The film failed as drama the first viewing because it did not keep me spellbound. The tedium was the message. But the vision of space-age humanity being just a bone's throw away from prehistoric man didn't seem structurally related to the rest of he film until the final scenes. It was unemotionally realistic, and hen suddenly Kubrick sprung his allegorical surprises on us.

Because Kubrick uses surprise, rather than suspense, the film is full of sequences that seem too long or confusing, until they are seen in context a second time. Alfred Hitchcock, the master of the milieu, says that for suspense the public "has to be made perfectly aware of all the facts involved." In a mystery or whodunit, he says, "there is no suspense, but a sort of intellectual puzzle. The whodunit generates the kind of curiosity that is void of emotion, and emotion is an essential ingredient of suspense."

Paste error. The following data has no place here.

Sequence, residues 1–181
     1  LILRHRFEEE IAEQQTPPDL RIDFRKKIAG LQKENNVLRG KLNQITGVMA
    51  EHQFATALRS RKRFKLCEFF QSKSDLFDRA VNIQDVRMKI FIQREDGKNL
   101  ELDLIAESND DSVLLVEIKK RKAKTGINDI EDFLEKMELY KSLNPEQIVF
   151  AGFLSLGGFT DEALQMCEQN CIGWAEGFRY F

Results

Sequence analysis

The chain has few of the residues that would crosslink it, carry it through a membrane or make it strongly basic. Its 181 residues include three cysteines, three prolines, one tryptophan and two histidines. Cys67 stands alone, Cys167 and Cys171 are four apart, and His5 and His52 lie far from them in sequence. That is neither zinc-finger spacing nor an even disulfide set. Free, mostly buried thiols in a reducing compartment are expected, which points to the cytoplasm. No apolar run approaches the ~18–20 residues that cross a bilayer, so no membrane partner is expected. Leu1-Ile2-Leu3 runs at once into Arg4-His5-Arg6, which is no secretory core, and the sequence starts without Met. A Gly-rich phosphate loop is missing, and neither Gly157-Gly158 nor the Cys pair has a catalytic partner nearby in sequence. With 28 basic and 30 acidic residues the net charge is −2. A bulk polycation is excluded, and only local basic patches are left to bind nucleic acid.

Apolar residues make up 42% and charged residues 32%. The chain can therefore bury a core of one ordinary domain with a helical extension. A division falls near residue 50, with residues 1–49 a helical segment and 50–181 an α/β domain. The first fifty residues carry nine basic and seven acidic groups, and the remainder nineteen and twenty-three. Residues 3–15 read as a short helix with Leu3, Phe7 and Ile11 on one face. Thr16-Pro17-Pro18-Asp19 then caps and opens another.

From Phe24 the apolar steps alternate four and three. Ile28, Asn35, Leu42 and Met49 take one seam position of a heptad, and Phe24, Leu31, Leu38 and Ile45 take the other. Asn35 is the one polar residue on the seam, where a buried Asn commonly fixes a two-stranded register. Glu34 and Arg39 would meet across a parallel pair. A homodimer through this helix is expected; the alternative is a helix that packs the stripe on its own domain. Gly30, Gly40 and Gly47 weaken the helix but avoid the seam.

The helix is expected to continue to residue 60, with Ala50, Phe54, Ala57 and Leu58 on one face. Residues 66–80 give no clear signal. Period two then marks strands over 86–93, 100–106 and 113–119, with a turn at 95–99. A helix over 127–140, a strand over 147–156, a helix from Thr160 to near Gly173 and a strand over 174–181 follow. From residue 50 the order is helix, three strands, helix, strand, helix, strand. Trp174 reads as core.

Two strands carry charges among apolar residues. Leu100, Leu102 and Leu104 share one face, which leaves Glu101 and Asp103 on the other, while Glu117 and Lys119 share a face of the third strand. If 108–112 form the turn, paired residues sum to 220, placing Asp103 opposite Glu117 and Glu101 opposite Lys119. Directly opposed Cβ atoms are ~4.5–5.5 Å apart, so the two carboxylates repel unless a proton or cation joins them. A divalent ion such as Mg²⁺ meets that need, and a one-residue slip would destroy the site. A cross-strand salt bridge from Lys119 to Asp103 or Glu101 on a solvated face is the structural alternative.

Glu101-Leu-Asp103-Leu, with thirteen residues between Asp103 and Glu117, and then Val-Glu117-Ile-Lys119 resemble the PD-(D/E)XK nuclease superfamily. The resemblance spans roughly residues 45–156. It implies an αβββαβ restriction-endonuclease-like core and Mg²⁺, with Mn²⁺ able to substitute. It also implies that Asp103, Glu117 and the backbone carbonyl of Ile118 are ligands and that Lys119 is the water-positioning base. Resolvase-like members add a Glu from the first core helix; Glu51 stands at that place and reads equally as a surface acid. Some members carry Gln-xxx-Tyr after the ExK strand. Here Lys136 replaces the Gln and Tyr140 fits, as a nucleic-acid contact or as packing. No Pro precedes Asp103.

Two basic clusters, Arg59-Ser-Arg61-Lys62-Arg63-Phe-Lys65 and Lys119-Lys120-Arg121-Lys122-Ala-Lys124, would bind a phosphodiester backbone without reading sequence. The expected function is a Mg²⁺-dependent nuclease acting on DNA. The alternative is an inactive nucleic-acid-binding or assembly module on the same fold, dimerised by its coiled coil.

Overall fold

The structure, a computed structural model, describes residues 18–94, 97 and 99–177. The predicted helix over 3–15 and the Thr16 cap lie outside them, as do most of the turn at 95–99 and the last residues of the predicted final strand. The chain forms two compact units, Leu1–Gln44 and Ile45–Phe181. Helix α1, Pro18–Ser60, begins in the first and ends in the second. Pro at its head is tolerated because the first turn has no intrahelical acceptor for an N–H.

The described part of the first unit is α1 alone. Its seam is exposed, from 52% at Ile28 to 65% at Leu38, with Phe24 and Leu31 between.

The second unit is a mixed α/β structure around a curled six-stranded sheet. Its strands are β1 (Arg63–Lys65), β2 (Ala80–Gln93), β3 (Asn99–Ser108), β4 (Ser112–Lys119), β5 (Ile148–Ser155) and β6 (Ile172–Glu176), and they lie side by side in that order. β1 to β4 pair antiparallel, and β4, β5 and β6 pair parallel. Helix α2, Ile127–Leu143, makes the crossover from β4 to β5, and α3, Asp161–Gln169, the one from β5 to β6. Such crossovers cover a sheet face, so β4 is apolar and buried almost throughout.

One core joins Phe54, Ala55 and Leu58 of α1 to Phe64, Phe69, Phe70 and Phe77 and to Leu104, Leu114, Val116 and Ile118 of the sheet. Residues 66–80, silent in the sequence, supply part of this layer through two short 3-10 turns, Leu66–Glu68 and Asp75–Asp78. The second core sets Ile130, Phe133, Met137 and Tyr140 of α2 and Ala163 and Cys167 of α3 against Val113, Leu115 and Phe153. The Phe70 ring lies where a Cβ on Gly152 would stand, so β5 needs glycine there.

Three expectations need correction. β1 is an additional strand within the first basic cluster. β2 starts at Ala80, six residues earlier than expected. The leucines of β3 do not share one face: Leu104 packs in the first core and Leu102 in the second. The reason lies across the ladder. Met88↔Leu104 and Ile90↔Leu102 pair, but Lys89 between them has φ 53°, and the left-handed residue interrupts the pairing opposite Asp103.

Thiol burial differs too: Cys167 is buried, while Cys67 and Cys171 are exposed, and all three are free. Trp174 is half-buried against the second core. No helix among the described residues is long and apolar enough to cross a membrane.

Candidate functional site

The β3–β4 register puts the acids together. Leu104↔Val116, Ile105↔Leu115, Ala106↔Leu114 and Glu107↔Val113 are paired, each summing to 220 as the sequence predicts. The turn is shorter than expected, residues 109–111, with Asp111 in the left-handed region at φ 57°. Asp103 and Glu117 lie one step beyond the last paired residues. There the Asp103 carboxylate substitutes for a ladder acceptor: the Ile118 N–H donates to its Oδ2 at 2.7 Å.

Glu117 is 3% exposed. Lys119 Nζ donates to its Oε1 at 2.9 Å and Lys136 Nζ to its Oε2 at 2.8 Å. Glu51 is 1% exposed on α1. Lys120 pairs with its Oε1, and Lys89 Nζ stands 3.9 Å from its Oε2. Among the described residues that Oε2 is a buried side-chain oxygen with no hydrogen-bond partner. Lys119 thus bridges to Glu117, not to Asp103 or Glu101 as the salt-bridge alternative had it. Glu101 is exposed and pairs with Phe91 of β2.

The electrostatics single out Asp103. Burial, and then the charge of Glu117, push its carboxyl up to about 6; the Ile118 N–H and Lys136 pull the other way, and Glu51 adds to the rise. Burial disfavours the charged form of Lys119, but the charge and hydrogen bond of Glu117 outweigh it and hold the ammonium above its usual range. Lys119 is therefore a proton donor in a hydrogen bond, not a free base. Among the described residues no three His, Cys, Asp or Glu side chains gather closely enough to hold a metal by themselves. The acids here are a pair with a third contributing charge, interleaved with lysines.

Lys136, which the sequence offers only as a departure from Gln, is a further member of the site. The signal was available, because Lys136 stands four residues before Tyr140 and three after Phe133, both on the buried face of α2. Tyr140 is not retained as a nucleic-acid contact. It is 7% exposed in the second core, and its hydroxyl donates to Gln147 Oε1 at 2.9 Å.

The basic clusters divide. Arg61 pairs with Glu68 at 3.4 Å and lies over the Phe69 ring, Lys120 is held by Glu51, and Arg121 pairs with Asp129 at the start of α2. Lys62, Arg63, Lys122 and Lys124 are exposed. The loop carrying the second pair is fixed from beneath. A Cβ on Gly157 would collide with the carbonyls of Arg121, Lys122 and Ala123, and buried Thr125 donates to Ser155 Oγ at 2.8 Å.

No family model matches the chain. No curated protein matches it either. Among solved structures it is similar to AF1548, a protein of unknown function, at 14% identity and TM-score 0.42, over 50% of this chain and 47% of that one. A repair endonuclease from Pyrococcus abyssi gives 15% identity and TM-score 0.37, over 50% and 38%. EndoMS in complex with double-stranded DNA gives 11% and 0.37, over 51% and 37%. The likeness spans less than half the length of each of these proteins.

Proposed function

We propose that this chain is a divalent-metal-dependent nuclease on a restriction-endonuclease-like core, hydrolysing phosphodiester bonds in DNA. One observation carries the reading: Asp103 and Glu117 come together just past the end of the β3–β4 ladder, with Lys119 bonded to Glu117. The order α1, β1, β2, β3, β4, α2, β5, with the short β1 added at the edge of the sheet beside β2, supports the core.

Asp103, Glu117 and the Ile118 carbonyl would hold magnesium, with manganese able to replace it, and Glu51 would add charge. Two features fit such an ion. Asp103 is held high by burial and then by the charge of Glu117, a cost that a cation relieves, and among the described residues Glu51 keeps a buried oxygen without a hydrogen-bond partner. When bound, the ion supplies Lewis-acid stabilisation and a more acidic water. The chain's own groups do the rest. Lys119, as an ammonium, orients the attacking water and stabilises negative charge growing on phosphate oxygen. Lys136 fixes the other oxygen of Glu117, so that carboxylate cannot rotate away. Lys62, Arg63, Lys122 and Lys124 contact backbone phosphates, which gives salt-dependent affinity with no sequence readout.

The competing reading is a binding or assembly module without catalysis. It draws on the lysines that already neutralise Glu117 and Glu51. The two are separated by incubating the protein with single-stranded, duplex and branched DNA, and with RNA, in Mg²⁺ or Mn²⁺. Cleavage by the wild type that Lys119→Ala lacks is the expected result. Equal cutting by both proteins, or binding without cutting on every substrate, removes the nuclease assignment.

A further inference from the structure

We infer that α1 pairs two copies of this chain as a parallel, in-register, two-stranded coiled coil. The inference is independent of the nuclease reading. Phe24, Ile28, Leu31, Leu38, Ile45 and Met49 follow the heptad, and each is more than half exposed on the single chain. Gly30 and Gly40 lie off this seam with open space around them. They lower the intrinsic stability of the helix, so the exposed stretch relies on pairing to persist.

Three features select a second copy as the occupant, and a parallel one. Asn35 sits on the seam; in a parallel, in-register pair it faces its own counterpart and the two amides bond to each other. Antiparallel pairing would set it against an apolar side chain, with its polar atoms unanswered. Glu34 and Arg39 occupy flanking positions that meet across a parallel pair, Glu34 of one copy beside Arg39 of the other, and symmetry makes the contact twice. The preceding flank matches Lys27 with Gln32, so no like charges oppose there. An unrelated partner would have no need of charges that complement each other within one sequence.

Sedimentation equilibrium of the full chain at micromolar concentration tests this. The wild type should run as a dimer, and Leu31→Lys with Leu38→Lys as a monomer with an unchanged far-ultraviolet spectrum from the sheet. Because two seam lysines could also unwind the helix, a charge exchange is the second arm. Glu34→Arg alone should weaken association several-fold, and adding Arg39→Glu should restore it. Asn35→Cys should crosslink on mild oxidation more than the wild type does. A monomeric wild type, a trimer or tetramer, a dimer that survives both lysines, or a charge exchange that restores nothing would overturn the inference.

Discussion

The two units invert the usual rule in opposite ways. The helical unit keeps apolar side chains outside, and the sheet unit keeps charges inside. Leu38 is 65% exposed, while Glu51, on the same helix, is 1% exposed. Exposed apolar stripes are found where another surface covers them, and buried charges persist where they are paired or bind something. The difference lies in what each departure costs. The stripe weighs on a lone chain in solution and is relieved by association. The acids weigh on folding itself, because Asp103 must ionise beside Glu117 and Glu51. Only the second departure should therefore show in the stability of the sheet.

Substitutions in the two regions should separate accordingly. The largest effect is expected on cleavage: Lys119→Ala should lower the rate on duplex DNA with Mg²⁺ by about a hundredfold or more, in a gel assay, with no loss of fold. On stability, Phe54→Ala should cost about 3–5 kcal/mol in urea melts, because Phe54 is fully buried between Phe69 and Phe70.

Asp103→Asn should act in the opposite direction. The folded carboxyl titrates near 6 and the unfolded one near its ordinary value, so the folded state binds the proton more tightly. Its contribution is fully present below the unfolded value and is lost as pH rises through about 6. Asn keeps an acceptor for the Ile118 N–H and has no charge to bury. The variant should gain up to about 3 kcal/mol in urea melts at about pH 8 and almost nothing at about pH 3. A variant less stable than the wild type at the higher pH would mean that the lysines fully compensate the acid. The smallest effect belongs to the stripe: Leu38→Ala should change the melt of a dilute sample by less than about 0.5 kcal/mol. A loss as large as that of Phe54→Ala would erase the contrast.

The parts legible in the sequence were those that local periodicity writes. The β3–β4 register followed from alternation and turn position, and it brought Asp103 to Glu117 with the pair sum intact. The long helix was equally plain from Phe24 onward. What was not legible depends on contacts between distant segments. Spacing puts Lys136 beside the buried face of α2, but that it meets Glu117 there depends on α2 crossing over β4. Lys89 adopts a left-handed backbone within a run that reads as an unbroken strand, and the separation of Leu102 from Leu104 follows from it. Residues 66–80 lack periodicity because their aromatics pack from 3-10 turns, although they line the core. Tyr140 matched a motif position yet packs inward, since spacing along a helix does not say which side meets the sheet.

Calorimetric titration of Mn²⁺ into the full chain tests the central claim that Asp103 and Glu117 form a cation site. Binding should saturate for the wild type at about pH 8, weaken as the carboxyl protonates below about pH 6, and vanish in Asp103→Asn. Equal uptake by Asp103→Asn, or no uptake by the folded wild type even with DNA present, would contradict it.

The prologue with the man-apes and the epilogue with the evolution of the star-baby are two of the most riveting and exhilarating emotional moments in 2001: A Space Odyssey. The special effects, particularly Dullea floating in mid-air while performing a lobotomy on the computer HAL after its nervous breakdown, are remarkable. Since the film opened at New York's Capitol Theatre, Kubrick has trimmed about 19 minutes to speed the action and he has reduced the piercing soundtrack level and added two titles to set the place of the action more clearly. They are the only concessions he has made in a film which uncompromisingly demands acceptance on its own unique terms.

Understanding the Message of 2001

(From Newsday, April 5, 1969)